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Medications and Nutrition Online User Information

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About | User Information | Abbreviations | Drugs & Nutrition Overview


  1. Drugs are listed alphabetically.
  2. Drugs are listed by both trade name and generic name.
  3. Drug names in bold are generic names.
  4. Drug function is in italics.
  5. Degree of effect of either nutrients affected or adverse reactions is not prioritised.
  6. Contradictory information is included.
  7. Entries have standardised sequencing.

How to Present the Information

The composite side effects of multiple medications (polypharmacy) are best presented in a table as outlined below. Write in drug name, vitamins and minerals affected (if any) and tick the adverse reactions pertaining to that drug.

Drug Name

Nutrients Affected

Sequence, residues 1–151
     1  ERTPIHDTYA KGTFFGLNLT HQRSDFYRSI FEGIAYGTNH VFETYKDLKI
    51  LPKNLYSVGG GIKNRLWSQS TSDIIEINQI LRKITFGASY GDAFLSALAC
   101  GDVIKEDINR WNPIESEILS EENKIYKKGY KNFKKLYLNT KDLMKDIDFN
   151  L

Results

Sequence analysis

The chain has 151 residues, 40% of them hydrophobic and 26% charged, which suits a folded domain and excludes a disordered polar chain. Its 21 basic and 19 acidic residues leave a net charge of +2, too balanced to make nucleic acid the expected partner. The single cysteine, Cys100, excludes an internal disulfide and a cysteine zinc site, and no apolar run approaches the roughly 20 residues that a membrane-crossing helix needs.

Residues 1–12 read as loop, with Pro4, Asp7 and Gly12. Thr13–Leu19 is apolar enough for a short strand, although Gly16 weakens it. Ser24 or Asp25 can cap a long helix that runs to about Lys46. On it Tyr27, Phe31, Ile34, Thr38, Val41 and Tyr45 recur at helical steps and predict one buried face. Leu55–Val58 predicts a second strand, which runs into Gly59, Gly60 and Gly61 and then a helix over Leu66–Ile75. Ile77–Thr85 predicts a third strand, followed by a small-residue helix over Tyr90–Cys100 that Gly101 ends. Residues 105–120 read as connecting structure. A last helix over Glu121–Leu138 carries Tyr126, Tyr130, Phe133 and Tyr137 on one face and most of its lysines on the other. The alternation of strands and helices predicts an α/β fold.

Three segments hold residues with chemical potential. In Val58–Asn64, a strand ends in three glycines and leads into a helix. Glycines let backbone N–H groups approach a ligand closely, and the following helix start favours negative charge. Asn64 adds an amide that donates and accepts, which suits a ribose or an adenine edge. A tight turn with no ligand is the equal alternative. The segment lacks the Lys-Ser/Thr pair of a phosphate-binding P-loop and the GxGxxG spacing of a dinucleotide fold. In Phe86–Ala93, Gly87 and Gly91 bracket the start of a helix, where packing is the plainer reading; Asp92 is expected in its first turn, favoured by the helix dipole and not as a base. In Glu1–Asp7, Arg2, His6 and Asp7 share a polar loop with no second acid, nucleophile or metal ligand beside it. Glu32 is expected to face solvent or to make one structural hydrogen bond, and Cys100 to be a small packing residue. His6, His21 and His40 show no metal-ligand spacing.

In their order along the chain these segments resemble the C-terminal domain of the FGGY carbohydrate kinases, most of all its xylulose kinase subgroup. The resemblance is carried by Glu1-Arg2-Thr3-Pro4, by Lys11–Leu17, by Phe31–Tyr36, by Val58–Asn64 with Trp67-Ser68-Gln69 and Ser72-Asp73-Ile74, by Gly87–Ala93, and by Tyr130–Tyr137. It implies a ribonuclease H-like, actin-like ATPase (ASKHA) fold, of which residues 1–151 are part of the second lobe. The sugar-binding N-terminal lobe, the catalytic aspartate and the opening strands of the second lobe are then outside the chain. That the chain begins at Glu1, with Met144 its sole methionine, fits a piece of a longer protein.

↑↓ Wt

↑↓ Appetite

Taste Changes

Dry Mouth

↑↓ BSL

drug a

Mg, Zn, B12, Fe




drug b

B12, folate, B2






drug c

B12, Fe, folate, biotin, B6




drug d

B12, I, Fe, B2






BPP – binding to plasma proteins,   N – nausea,   V – vomiting,   C – constipation,   D – diarrhoea,   BSL – blood sugar levels


Nutrients Affected

If three or more drugs affect a specific nutrient then it is advisable to regularly monitor the status of each of those nutrients eg B12, Fe.

Side Effects

If the patient/resident experiences a specific side effect such as a dry mouth, and that problem is a side effect of some of the drugs prescribed, then it is likely drug(s) are exacerbating that problem. It is then advisable to review the drugs and their doses.

Binding to Plasma Proteins

The plasma proteins are the primary transporters for a significant number of medications. If there is greater than 90% binding of drug to plasma proteins, then hypoproteinaemia (low plasma proteins) may alter the effects of the medications. There are now recommendations for dose titration for drugs such as frusemide if hypoproteinaemic.

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